Sales Are Up for Food-Delivery Apps, All While Juggling High Cost Structure
Delivery Apps Soared During Lockdowns
Food-delivery apps have reported exploding revenue throughout the pandemic. Analysts say the challenge for these companies lies in managing high labor costs in the quest for profit. One focus for companies like DoorDash (DASH) and rival UberEats (UBER) has been improving driver efficiency.
Part of this process involves waiting to match drivers with orders until the food is almost ready for delivery, reducing time spent waiting. Features have also been added to delivery apps in order to track missing items, so companies make sure refunds are kept in check. All the while there’s pressure from competitors to cut commissions charged to restaurants, who are more than willing to negotiate lower fees with delivery sales growing in importance.
Restaurants Rely More on Deliveries and Scout Out Lower Fees
In an effort to give independent restaurants more flexibility, both DoorDash and Uber Eats introduced a sliding commission scale in 2021. Eateries can choose between a 15% and 30% commission, which ties into the level of support and marketing restaurants receive. While some restaurants reportedly welcomed the choice, others worry food-delivery apps are gaining outsized influence on their business operations.
Data shows restaurants may continue to play ball with food-delivery apps, and continue to look for the lowest fees. Delivery orders were up 17% last December on a year-over-year basis according to research from NPD Group. This reportedly continued even after restaurants reopened during the summer.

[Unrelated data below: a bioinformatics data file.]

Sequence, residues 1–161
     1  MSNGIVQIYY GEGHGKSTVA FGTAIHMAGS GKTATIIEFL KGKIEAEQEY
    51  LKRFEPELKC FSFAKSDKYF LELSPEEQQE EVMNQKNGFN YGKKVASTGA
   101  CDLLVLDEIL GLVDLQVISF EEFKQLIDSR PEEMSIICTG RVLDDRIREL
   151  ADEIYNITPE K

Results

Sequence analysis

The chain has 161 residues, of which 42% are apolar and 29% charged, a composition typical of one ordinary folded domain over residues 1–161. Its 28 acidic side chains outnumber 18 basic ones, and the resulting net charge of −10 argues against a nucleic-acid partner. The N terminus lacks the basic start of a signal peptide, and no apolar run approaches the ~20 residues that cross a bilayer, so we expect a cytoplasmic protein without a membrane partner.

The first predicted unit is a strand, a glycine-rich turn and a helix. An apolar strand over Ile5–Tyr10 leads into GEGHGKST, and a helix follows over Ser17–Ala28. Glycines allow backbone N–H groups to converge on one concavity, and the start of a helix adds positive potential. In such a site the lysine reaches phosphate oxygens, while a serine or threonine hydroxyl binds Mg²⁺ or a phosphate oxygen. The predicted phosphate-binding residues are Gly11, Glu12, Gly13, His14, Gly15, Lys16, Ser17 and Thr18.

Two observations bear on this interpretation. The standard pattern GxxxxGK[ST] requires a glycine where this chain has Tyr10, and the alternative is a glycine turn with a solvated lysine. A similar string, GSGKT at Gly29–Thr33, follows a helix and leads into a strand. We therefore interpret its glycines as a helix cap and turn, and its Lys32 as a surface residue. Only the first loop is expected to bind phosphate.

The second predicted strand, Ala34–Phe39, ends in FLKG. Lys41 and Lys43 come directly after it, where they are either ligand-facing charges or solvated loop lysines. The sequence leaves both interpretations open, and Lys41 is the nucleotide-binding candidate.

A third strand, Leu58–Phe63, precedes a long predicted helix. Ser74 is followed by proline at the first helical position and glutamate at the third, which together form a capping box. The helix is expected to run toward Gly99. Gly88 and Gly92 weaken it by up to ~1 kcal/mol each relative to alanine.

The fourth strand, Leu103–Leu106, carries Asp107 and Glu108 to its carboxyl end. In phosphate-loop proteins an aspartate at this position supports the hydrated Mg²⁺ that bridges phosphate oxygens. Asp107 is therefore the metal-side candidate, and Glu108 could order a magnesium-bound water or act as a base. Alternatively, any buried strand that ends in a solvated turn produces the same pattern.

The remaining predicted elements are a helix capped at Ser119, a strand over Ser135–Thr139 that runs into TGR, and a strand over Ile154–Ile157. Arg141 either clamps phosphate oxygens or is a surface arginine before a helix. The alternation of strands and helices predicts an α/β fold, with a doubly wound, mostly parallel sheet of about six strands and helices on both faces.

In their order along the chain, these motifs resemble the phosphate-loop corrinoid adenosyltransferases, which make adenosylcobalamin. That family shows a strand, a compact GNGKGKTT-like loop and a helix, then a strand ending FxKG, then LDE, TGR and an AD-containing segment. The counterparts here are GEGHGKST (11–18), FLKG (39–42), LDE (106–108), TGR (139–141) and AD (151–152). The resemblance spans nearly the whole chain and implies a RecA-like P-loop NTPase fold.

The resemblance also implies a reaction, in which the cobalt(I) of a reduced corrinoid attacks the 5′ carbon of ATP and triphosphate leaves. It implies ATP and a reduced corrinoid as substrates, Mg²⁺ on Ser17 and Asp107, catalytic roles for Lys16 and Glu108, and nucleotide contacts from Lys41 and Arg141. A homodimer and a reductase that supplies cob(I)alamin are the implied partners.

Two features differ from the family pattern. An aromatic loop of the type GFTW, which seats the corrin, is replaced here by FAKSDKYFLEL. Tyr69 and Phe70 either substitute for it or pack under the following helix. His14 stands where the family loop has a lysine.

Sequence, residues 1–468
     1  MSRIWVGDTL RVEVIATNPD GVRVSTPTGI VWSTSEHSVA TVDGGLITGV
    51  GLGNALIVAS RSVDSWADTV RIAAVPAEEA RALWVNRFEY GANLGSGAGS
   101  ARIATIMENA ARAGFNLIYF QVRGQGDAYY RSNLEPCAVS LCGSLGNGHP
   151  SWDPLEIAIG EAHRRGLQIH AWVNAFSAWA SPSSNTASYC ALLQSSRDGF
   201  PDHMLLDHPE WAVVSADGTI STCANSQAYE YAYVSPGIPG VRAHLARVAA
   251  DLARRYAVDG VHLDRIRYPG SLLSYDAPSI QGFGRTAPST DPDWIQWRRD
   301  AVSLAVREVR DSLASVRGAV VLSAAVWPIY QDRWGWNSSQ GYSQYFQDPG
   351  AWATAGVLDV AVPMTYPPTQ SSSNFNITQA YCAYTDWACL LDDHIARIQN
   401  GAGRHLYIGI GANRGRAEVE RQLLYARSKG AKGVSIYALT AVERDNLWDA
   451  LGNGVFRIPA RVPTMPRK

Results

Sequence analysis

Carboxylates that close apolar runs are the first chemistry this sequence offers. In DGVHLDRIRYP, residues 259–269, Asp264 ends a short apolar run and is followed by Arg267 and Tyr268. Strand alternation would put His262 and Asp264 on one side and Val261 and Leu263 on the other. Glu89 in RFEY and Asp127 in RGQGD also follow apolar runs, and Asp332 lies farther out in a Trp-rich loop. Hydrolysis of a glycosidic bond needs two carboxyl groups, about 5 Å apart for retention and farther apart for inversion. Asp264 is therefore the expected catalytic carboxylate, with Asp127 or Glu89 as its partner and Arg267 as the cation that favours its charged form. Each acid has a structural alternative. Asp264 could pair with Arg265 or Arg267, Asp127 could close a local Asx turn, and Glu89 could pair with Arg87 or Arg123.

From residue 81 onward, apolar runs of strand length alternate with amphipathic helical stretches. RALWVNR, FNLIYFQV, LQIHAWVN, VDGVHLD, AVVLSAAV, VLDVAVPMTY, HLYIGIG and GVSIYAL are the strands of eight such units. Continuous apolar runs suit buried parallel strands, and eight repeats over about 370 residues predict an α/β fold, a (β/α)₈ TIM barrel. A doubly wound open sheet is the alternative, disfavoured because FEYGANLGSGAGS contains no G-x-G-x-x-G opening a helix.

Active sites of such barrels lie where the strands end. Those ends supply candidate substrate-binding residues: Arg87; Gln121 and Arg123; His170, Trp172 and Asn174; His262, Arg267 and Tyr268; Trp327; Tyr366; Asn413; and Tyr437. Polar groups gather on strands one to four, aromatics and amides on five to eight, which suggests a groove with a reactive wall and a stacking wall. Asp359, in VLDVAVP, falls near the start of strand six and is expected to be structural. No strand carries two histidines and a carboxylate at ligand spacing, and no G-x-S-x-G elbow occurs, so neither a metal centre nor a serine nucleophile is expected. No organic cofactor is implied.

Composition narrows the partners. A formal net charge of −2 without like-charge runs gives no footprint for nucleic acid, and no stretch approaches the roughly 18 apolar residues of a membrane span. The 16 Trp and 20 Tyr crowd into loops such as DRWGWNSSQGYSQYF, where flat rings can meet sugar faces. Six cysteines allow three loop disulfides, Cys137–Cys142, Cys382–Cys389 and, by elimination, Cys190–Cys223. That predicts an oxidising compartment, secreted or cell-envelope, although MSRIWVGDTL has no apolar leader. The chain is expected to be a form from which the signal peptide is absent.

McDonald’s Is on the Clock with DoorDash
These companies are experimenting with creative solutions. Recent DoorDash documents show the delivery company is entering into an agreement with fast-food giant McDonald’s (MCD) that puts a financial incentive behind improved efficiency. Analysts note larger restaurant chains have had success negotiating lower commissions due to their volume. This latest deal offers McDonald’s the ability to pay as low as 11.6% commission on some orders, provided the food is ready in less than four minutes. The fees can go up to 17.6% when drivers wait over seven minutes.
Other large restaurant chains are taking steps in response to the rise of delivery apps. Chipotle Mexican Grill (CMG) and fast-casual chain Noodles (NDLS) charge customers higher prices when using delivery apps as opposed to their own apps or simply making in-store purchases.
So far it looks like the pandemic has altered the way many people think about procuring their meals throughout the day. Companies like DoorDash and UberEats sit at the forefront of this shift and have sales to prove the trend could be permanent. Making sure these operations are profitable, however, is the focus going forward.
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